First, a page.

More and more web traffic comes from mobile devices each year, as people have grown comfortable browsing on phones and tablets. As time spent on mobile devices rises, it’s becoming crucial for websites to cater to mobile users as the primary audience. Since most websites rely on search engine traffic for building their popularity and growing their brand, improving access on mobile devices is necessary. Making your site AMP-compliant can gain an edge in increasing the search engine ranking of your pages.
What is AMP?
Accelerated Mobile Pages (AMP) are a trend supported by Google to make web pages load faster for mobile devices. Pages that support AMP have versions of the page that are cached by platforms including Google so they can be loaded faster through proxies that may be closer to the user or have a better connection than the host server. They also use more streamlined, optimized code to make more simply-structured pages that load faster.
Extensions such as embedded Tweets or Instagram posts are also specified in advance so they don’t stop the page from rendering or change the layout when they are loaded from their external source. Another way AMP keeps third-party scripts from altering the loading and layout of pages is by restricting them to iframes, so they can’t have a significant effect on loading.
Another restriction on AMP is that it only allows inline CSS rather than an external stylesheet, and the CSS stylesheet is limited to a maximum size of 50 kilobytes. This size should be enough as long as the author doesn’t include an unnecessary amount of styles. It also makes the loading of fonts efficient since this can delay loading. These efforts lead to as few recalculations of the layout of the page as possible.
AMP also preloads and prefetches resources, and uses the preconnect API to make pages available even before the user requests to connect and load from their servers.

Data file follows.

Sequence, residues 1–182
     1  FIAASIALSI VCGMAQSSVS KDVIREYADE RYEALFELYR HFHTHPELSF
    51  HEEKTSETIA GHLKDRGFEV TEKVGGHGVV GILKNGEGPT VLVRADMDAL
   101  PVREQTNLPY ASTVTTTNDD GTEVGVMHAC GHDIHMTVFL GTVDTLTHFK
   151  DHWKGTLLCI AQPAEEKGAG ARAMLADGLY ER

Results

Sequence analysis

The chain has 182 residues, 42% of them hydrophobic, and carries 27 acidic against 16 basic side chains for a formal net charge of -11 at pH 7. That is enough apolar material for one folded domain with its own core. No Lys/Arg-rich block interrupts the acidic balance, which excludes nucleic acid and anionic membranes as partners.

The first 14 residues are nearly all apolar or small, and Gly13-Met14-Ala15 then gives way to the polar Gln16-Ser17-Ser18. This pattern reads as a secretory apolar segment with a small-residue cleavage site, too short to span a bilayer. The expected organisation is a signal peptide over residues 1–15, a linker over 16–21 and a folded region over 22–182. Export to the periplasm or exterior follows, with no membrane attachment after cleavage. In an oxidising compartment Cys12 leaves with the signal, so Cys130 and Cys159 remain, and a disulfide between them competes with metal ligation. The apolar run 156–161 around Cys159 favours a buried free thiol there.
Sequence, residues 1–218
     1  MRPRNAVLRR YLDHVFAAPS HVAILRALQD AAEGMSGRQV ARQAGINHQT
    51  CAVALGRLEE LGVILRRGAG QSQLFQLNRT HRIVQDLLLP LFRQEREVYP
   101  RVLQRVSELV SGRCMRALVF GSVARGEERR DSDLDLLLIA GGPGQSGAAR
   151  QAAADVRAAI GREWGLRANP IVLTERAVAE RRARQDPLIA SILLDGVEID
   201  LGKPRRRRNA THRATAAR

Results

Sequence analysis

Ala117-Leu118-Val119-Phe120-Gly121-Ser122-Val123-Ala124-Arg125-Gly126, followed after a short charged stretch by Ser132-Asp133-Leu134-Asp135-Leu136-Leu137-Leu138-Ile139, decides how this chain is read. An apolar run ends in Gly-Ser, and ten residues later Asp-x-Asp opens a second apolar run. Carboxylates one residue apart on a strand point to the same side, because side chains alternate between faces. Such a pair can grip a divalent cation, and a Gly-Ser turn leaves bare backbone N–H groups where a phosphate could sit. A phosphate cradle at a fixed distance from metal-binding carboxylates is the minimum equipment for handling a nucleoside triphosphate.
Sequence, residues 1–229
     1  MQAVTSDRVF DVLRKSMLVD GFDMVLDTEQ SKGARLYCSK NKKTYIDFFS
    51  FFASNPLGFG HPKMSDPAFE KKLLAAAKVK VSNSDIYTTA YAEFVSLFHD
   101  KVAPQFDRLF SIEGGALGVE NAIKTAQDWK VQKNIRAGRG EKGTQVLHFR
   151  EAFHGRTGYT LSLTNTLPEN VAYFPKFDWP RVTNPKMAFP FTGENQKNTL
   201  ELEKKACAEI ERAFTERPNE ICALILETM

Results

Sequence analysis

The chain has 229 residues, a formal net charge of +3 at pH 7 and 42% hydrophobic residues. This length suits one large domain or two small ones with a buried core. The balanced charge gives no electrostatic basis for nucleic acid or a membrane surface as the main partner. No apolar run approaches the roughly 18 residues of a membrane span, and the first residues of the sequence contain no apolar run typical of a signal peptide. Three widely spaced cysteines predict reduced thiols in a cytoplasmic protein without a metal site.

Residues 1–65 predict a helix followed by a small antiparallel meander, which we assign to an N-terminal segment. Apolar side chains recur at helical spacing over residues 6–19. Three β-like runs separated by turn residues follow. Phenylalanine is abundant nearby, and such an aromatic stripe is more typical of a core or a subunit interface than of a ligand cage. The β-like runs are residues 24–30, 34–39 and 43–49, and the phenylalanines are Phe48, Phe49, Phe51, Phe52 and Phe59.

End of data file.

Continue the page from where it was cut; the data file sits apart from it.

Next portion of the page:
Creating AMP Versions
Websites can create AMP versions of their pages simply in most cases, using the same HTML plus some AMP-specific tags that are used in the place of other tags. Websites can be entirely AMP or offer both AMP and non-AMP versions. All pages that use AMP will be opted-in being cached by Google and Bing’s content delivery networks, so Google News, Search, and mobile apps may load the cached version of the page when possible.
AMP and Page Experience
The AMP project has been ongoing for several years and has provided more traffic to many sites. But recently, AMP compliance has become important for another reason: Google’s new Page Experience signal is a factor in search engine rankings that will determine whether sites with equally relevant and high-quality content will be recommended above others. Page experience measures features such as mobile friendliness and core web vitals to predict if users will have a good experience on that page. These features are also behind AMP, so AMP pages will qualify. Core web vitals include measures of page stability and loading speed, precisely what AMP is aimed at improving, and AMP is targeted toward mobile-friendly pages.
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Checking For AMP Compliance
Elite Site Optimizer will check pages for AMP compliance and suggest ways to improve them. Whether your site is custom or built on a popular CMS, it can gain traffic through AMP. If possible, the most popular pages that you want to appear on search engines should have AMP versions. Finding AMP issues and optimizing for better mobile accessibility will make your website shoot up in the Google search rankings.
Source: Elite Site Optimizer